Come November, I was coming along on this new book, polishing the rusty fingers and creative flow, when my dog began to act strange.

My ultra-sensitive boxador has this code for earthquake. She can sense them from a state away. Bella gets fidgety, impossibly restless. If I’m not fixing it, she’ll go outside to our back patio and focus her bark-growl straight through the house to whatever threat she imagines is lurking in front of our house.

There were a few earthquakes, you know, across the world, so her radar was either ramped up to impossible or she was bothered by something else.

Bella moved out of our daughter’s room where she usually slept and started sleeping in the center of the house.

By January, she was mostly back to normal as she always gets once a storm or natural disaster gets underway. The only difference is that she insisted on keeping watch from the living room, where she can keep an eye everything.

Now that we’re in quarantine, Bella is exceedingly happy. Not only has lizard season begun, but her family is home a lot more. More play, more snuggles, more people to go on walks with.

It took me a while to gather my thoughts after the COVID-19 crisis arrived. From re-calibrating at my day job, to my own health issue right before quarantine to becoming a homeschool mom while trying to balance my novel-writing and…..you know. Being a grown up.

It the beginning, there were the haters spreading their angry at a 9.9 magnitude. It was ugly and so was social media.

But then, from across the world, Italy started singing from their balconies. Locked inside their worst crisis, they reached inside and gave forth their best.

As the hoarders cleared shelf after shelf here in America I started watching Bella more closely since I couldn’t go anywhere except when necessary. She has the gift of being exceedingly happy with so very little. Lizards, a nice breeze, her family, walks. Forwards and backwards, her kind is the very definition of love. I don’t believe this is coincidence. Now is the time for all of us to think about these things.

DoG spelled backwards is giving us a rest, my friends. He’s allowing this to happen for reasons I won’t pretend to know, but one thing I know He’s doing is reaching inside those of us sensing the change within the change, and pulling out our best.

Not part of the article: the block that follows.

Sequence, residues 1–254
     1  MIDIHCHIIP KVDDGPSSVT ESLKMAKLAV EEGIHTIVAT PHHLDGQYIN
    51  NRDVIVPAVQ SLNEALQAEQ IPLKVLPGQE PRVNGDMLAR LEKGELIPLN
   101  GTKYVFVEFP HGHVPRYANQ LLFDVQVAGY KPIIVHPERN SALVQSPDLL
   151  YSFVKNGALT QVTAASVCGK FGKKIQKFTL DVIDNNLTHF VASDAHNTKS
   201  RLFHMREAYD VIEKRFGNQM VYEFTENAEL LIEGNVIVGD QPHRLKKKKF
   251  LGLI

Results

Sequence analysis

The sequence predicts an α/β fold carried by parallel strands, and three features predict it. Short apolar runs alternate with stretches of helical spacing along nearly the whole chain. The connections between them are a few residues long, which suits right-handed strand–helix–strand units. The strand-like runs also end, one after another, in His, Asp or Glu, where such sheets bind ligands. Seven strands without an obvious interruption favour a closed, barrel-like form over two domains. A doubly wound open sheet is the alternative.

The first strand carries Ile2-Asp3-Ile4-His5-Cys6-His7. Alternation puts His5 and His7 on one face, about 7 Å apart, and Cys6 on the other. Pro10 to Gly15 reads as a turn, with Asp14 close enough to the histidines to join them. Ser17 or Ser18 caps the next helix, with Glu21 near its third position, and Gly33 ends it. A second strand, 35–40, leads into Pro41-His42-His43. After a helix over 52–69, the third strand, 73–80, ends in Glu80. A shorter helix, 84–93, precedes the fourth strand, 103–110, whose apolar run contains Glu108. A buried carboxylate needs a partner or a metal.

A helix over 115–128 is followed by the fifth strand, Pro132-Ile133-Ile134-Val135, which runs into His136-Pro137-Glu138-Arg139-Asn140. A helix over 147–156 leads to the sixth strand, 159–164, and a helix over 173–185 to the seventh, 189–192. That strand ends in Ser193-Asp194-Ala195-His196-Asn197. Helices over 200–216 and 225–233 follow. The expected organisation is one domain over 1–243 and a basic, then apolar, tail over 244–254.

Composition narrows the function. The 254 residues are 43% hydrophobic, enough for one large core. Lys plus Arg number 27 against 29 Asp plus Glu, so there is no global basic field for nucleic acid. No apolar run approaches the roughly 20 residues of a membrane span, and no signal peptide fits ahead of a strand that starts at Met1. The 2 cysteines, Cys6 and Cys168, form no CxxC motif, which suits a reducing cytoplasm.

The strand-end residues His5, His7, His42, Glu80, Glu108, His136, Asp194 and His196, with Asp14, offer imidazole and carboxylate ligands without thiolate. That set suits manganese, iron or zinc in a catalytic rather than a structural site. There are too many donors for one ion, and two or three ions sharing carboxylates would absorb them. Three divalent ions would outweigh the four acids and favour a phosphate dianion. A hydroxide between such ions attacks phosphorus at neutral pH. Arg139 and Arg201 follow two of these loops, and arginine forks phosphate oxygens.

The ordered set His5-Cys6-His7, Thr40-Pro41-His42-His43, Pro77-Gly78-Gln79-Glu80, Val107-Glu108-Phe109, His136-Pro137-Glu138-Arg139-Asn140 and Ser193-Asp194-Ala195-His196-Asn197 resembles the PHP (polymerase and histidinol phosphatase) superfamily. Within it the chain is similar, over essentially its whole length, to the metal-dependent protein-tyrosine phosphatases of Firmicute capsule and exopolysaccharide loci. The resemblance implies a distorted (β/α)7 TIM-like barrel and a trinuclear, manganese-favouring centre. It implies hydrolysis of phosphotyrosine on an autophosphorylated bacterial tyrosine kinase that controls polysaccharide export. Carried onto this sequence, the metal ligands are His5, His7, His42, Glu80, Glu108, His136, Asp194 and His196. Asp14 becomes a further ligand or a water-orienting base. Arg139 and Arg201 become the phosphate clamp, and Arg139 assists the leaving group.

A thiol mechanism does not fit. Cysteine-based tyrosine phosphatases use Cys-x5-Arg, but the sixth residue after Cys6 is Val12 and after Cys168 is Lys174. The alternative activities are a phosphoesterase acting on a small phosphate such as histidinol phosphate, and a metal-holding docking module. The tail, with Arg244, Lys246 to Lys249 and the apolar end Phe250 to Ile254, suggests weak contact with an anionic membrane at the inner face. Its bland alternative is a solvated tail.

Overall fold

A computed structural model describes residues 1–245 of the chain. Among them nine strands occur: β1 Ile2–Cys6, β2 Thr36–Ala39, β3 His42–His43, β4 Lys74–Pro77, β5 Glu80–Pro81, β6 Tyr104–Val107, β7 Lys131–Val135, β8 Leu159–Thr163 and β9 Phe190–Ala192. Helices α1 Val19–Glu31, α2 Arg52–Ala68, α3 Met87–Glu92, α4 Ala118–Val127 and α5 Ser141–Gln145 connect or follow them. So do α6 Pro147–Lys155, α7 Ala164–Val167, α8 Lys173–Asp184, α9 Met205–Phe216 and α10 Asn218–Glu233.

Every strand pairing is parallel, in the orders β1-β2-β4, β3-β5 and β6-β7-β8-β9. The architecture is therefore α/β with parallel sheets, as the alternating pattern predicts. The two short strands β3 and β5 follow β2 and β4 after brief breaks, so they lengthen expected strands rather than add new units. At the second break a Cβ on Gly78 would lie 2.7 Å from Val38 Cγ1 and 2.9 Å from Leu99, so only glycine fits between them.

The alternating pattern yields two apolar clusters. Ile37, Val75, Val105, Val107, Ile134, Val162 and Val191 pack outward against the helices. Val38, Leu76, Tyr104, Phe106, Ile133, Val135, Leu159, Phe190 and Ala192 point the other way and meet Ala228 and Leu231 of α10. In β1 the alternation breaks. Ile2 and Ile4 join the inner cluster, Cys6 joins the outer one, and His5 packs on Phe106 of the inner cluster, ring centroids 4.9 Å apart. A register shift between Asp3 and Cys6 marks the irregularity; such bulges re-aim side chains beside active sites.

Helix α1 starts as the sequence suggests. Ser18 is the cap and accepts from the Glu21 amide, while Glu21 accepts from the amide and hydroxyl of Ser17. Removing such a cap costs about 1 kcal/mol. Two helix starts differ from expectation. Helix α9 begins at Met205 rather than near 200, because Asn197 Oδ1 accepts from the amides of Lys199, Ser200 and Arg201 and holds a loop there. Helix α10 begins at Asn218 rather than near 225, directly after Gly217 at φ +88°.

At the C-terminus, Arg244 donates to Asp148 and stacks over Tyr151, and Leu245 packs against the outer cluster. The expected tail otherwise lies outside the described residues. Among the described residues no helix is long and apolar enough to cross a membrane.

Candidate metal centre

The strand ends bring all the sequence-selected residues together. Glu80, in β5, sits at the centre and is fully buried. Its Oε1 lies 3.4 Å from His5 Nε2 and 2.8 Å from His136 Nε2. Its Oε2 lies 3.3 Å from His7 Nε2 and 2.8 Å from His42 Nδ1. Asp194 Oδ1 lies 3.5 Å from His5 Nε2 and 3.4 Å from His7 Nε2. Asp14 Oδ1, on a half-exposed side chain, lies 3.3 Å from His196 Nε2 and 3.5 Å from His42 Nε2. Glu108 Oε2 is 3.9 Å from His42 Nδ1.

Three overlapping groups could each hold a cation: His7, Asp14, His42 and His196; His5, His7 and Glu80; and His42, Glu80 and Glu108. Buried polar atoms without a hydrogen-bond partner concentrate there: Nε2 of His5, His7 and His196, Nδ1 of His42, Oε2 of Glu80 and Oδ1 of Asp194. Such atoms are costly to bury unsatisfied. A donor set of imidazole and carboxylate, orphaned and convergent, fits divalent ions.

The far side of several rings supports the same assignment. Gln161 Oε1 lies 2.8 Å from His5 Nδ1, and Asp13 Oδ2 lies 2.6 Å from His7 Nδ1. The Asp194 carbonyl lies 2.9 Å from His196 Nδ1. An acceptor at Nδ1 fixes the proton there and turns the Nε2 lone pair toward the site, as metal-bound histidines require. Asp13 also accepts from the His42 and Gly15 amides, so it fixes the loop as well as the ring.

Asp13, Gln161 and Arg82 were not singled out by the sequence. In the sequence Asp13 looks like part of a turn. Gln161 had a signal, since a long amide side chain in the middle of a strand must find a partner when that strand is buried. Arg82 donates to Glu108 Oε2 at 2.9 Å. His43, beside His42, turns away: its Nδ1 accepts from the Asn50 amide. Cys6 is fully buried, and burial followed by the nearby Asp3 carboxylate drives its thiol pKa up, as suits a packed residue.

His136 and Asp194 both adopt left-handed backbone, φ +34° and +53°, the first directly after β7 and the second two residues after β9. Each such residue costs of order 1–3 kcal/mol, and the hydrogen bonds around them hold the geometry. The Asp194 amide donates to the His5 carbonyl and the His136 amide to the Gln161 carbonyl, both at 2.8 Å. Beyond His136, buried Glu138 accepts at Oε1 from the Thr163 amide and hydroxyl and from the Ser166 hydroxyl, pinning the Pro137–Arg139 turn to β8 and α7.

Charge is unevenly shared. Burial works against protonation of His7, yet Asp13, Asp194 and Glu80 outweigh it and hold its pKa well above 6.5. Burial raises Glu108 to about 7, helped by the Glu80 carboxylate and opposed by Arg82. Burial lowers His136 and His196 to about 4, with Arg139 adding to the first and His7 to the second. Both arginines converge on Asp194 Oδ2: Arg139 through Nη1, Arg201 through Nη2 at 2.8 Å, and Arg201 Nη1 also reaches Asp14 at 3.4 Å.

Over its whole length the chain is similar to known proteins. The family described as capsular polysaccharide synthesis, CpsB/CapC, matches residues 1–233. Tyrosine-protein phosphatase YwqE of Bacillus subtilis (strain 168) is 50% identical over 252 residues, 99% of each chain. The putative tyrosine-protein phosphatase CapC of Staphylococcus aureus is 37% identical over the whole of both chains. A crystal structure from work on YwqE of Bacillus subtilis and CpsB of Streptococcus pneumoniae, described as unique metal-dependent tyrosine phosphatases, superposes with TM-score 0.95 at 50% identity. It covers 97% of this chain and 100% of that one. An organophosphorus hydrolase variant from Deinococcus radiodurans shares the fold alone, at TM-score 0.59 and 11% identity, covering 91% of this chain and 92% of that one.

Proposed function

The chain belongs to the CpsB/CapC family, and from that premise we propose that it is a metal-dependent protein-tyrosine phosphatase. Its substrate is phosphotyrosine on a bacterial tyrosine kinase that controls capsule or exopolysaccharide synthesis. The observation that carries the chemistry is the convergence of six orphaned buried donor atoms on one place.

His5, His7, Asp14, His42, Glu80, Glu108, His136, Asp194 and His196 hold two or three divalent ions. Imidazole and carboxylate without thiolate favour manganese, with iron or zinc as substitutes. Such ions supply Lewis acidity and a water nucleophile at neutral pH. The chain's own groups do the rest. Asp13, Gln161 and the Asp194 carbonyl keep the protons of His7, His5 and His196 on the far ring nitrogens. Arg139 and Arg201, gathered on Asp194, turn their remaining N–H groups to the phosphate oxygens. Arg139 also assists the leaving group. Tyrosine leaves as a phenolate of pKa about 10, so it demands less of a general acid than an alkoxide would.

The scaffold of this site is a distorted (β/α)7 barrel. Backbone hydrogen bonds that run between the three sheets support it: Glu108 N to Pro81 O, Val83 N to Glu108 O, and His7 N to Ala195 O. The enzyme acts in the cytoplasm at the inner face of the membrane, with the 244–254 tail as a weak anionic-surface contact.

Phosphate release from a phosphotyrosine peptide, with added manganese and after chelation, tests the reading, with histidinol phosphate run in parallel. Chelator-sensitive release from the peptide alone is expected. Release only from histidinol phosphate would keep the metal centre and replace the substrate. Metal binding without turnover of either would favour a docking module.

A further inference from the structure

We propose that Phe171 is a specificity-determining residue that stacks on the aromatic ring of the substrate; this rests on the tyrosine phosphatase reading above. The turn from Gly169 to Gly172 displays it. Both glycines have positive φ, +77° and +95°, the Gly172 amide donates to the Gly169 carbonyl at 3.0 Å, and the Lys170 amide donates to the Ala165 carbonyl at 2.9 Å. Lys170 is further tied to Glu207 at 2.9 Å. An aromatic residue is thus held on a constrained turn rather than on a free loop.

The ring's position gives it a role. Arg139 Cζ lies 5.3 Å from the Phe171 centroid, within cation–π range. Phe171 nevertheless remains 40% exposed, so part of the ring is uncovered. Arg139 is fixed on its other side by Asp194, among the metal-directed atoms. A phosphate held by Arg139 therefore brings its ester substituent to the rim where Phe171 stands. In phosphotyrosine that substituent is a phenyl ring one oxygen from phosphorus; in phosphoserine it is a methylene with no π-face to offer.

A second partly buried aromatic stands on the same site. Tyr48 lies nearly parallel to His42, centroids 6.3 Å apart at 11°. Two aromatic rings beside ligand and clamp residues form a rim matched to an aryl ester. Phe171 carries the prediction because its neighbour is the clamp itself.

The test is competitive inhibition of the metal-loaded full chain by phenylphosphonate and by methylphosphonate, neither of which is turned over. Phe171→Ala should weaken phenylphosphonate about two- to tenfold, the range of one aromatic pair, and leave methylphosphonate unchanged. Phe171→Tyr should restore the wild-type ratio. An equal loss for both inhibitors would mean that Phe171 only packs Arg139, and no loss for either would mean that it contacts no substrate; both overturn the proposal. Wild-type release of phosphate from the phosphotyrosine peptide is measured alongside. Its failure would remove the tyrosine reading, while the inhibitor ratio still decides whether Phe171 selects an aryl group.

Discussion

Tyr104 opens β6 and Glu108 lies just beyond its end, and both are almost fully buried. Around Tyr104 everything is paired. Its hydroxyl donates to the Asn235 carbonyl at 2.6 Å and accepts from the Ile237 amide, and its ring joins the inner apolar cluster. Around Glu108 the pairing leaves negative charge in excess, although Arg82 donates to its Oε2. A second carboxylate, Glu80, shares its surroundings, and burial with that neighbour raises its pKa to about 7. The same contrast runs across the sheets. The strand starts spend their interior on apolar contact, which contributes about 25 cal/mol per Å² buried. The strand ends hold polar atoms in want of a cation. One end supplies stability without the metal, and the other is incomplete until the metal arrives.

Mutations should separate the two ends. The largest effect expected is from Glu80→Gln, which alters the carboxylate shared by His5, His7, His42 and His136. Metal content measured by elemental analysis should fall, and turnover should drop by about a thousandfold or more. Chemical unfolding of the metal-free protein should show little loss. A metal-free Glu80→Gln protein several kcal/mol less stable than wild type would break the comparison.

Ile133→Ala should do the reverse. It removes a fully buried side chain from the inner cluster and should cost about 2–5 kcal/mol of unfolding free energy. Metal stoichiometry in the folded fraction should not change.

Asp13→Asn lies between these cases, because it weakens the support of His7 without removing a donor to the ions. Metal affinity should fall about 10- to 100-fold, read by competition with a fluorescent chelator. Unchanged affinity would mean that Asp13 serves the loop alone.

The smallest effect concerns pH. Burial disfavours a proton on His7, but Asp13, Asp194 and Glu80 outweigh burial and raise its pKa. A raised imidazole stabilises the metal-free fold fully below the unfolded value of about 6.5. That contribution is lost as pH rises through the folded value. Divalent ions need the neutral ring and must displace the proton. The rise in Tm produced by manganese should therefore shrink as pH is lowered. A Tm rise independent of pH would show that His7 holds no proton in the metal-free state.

He knew this was coming, and will remain present with every one of us throughout this whole storm. Right where he can see all of us.

It’s onward with the book for me, although I have to think about the new world it will be published in. How will things change? Will my characters still shake hands, or touch their faces? Will medical facilities wear masks all the time, forevermore?

Will I ever see my sweet Doctor’s face again?

Like Bella, I’m going to have to foresee the change so my book will be relevant when I release it.

I could say we’ve been given the opportunity to thoroughly, quietly (as much as mom’s lives with kids can be), intuitively consider how we’ll forever go about our lives. But doG spelled backwards hasn’t given us the choice this time.

I’ll promise to release the beautiful if you do.

Project A

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projectA

Welcome to Velvet, Arizona.

Within these notebooks are my notes, rough scenes, and research for what I’m calling Project A. A stands for anonymous, as in the mysterious creatures that haunt Velvet  every holiday season. We’ve all heard the stories…things seen in the dark, the wild–creatures that have been witnessed among a broad swath of cultures but elude us just enough to deem them as fables.

Some “fabled” creatures are unique to certain regions. In Velvet, there’s a question as to whether the people are as unusual as the creatures.

Although this story contains fictional characters and scenes, everything within it is based on truth.

Truth #1:

–The creatures I’m exposing in Project A leave footprints within the shadows of every town, every culture, every religion, every acedemic instution.

Truth #2:

–Because of the overactive nervous system of 15-20% of the world’s population, there are people who truly sense things beneath the surface. Of what? Follow along and you’ll see. I will identify the science/sources in the back of the upcoming novel.

Truth #3:

–There’s been a breach.

 

For the first time since I’ve began writing, I’m going to bring you guys along on the story as I compose. Although I have the ideas above in my head beforehand, I’m a pantser at heart, which means I figure most of it out as I write. For further enrichent of the process, and for just plain fun, follow along and feel free to comment with your own experiences/thoughts as I unravel the mystery of Project A.